Asia Pacific Media Educator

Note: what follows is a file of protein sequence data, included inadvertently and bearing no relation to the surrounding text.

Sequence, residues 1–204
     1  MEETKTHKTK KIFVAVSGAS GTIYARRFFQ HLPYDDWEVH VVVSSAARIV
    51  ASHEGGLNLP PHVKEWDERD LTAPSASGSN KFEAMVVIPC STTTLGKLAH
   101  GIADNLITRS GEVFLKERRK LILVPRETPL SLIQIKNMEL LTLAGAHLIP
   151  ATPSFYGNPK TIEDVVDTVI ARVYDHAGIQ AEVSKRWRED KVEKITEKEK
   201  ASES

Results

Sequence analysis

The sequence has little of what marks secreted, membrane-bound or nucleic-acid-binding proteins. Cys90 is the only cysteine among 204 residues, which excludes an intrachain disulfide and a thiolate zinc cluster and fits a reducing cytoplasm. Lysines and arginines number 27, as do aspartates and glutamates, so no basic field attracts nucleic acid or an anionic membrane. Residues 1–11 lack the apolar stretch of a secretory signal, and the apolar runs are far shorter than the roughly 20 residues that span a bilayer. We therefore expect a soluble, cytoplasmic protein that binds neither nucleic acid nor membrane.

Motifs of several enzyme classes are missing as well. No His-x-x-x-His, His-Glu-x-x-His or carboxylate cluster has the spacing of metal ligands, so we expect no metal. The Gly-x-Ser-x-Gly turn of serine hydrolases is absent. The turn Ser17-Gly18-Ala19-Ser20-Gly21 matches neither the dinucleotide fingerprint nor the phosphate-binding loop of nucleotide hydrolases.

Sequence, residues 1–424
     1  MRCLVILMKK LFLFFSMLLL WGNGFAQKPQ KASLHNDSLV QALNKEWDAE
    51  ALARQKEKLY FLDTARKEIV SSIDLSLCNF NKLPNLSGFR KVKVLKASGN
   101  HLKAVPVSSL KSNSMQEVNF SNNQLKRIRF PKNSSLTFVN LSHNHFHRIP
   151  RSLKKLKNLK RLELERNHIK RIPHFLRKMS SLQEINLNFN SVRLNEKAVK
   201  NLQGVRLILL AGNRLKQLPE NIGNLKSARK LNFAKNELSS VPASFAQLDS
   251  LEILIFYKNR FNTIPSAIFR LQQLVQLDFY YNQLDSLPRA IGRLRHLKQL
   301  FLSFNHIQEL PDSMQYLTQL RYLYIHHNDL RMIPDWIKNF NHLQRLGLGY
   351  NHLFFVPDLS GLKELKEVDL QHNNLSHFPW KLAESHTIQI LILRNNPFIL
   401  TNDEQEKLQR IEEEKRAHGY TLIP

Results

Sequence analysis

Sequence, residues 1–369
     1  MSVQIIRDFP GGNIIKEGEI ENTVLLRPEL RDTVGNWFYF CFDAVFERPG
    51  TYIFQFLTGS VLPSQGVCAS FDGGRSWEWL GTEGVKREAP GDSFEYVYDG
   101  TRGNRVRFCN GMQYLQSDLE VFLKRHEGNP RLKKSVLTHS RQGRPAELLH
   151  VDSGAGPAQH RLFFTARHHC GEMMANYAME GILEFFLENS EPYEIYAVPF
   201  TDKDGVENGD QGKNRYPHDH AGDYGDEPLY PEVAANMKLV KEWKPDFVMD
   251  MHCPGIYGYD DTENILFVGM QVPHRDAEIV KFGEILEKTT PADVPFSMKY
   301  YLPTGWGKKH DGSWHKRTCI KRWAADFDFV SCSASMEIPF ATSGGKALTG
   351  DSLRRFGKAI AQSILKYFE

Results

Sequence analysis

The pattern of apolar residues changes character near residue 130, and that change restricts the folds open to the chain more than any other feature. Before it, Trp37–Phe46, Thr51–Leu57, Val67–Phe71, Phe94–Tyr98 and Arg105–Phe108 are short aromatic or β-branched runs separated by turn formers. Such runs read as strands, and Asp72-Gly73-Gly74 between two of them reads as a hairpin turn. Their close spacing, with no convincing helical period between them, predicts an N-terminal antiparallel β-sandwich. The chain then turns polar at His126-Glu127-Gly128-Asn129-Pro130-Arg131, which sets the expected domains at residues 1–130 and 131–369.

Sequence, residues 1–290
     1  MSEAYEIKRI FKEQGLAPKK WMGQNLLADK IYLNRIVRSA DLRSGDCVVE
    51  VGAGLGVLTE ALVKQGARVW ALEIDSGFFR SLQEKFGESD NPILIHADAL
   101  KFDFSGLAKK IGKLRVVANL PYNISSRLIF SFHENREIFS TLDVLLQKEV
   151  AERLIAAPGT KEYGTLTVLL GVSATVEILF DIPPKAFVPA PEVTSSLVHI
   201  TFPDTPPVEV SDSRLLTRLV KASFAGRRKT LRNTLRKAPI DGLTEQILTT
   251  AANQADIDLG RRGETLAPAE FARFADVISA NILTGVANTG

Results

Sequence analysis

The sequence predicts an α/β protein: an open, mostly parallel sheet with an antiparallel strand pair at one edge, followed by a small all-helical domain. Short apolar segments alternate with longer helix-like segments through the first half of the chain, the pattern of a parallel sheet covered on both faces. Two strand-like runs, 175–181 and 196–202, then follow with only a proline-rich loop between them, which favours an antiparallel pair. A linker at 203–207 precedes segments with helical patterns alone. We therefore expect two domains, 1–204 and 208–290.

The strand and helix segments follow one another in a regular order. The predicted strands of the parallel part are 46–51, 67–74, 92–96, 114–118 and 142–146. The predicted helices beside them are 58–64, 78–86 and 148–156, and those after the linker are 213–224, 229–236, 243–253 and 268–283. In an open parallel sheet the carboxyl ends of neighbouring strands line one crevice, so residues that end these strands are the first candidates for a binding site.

Since independence in 1991, the Central Asian republics to varying degrees have given lip service to democratization and the recognition of free press and political rights. However, the reality has been dramatically different under all five authoritarian regimes. That reality includes limits or bans on opposition parties, as well as elections that are neither fair nor free. Most mass media entities remain state-owned or tightly controlled, and there is pervasive censorship, self-censorship, harassment, and intimidation of individual journalists and their media organizations. One result is inadequate, shallow reporting about political, press, and speech rights and controversies. Western-based Web news sites provide alternative venues for some Central Asian journalists to independently cover such issues. This study analyzes the coverage of political, press, and speech rights news on three such sites: Eurasianet, IRIN News, and the Institute for War and Peace Reporting. It examines the topics covered, the degree to which these stories use unnamed and named sources, and the proportion of journalists writing under pseudonyms. It concludes that even journalists reporting on these issues for Western-based media operate under tight constraints, including the risk of official retaliation.